Further, upon reaching various computer system components, program code means in the form of computer-executable instructions or data structures can be transferred automatically from transmission media to computer storage media (or vice versa). For example, computer-executable instructions or data structures received over a network or data link can be buffered in RAM within a network interface module (e.g., a “NIC”), and then eventually transferred to computer system RAM and/or to less volatile computer storage media at a computer system. Thus, it should be understood that computer storage media can be included in computer system components that also (or even primarily) utilize transmission media.

Computer-executable instructions comprise, for example, instructions and data which, when executed at a processor, cause a general purpose computer, special purpose computer, or special purpose processing device to perform a certain function or group of functions. The computer executable instructions may be, for example, binaries, intermediate format instructions such as assembly language, or even source code. Although the subject matter has been described in language specific to structural features and/or methodological acts, it is to be understood that the subject matter defined in the appended claims is not necessarily limited to the described features or acts described above. Rather, the described features and acts are disclosed as example forms of implementing the claims.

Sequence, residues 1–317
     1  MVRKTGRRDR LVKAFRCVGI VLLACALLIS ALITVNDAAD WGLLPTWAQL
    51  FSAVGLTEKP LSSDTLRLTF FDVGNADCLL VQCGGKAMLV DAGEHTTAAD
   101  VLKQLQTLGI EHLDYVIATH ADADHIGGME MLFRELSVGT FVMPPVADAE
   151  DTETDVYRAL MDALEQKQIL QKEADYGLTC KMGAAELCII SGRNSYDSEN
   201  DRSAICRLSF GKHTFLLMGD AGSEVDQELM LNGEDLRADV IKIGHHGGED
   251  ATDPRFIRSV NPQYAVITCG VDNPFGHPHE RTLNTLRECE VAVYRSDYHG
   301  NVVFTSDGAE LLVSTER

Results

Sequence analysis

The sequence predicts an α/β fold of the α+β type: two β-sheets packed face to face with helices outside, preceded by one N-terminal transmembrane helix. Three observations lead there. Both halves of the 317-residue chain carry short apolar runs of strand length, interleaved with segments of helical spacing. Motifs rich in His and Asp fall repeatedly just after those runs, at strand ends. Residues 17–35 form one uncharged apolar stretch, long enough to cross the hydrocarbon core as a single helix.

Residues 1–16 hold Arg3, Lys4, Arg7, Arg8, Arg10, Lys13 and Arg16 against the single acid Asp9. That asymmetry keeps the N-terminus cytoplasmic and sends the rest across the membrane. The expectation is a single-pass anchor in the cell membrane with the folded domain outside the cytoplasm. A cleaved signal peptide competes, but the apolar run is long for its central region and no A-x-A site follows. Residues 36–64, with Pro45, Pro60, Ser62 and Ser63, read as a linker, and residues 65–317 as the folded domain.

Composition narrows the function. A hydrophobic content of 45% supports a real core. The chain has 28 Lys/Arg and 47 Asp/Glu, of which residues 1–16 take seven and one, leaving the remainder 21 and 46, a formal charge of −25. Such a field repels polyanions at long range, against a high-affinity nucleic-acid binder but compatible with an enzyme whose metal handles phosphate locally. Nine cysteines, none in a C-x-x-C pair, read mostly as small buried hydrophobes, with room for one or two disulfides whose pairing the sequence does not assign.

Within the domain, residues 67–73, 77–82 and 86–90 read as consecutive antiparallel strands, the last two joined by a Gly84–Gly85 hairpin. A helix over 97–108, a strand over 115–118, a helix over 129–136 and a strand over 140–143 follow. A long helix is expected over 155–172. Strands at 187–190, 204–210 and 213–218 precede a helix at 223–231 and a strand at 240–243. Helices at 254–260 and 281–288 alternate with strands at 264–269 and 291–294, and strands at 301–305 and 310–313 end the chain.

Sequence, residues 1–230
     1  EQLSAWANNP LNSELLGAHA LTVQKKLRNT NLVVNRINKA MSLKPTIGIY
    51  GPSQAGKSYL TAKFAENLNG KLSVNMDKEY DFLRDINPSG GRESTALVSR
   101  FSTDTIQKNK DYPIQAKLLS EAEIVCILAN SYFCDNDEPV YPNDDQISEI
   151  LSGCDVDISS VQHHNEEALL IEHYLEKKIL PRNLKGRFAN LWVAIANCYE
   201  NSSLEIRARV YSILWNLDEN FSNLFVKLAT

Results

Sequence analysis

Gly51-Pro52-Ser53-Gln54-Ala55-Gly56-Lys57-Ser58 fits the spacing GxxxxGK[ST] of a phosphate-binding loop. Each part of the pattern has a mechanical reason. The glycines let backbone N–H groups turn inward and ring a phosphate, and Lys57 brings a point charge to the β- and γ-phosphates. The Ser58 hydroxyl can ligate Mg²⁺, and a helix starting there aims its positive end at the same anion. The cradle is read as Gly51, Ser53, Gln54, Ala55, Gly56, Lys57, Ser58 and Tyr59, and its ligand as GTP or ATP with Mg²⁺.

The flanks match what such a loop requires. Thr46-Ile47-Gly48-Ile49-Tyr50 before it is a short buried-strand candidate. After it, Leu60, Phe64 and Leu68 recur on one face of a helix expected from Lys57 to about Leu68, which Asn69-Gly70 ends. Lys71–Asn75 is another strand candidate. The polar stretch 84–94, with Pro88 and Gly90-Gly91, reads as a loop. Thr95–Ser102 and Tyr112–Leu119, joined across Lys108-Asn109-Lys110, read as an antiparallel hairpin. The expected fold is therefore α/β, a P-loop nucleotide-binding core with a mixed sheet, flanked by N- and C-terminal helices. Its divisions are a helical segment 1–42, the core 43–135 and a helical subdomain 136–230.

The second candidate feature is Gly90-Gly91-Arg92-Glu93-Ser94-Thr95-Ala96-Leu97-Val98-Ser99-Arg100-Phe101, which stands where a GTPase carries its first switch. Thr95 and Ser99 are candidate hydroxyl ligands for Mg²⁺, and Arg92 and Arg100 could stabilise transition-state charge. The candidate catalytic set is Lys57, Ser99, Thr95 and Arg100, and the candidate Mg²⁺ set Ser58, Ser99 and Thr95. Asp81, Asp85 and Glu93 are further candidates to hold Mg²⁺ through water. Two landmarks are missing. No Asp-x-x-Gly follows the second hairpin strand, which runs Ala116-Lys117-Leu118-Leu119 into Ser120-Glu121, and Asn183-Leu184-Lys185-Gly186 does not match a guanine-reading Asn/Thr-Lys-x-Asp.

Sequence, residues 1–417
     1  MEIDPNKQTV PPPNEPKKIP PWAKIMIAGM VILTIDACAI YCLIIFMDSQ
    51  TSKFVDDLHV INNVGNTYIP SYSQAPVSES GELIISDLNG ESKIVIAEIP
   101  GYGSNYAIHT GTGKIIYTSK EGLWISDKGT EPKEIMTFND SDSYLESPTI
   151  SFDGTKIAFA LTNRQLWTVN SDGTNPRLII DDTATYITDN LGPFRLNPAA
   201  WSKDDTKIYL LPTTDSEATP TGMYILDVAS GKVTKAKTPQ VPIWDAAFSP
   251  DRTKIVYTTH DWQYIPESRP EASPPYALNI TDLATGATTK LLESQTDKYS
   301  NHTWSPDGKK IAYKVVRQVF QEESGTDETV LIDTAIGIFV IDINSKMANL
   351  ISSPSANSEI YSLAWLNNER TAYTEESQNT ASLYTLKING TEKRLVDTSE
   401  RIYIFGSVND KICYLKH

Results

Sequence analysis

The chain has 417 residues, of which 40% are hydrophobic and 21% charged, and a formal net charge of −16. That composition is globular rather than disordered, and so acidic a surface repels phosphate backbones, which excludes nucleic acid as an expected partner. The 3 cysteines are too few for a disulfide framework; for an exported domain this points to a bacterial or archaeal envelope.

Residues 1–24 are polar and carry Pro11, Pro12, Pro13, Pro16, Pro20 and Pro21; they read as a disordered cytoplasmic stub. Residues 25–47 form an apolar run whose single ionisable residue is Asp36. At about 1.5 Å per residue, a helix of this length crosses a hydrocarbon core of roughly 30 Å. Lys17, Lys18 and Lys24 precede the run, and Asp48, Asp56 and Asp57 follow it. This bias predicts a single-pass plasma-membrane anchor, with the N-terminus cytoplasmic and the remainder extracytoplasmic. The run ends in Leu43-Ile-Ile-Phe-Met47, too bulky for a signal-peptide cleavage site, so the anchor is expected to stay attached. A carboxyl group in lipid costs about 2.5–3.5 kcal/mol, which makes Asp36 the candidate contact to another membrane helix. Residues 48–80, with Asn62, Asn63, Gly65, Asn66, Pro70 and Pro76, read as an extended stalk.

Those skilled in the art will appreciate that the invention may be practiced in network computing environments with many types of computer system configurations, including, personal computers, desktop computers, laptop computers, message processors, hand-held devices, multi-processor systems, microprocessor-based or programmable consumer electronics, network PCs, minicomputers, mainframe computers, mobile telephones, PDAs, pagers, routers, switches, and the like. The invention may also be practiced in distributed system environments where local and remote computer systems, which are linked (either by hardwired data links, wireless data links, or by a combination of hardwired and wireless data links) through a network, both perform tasks. In a distributed system environment, program modules may be located in both local and remote memory storage devices.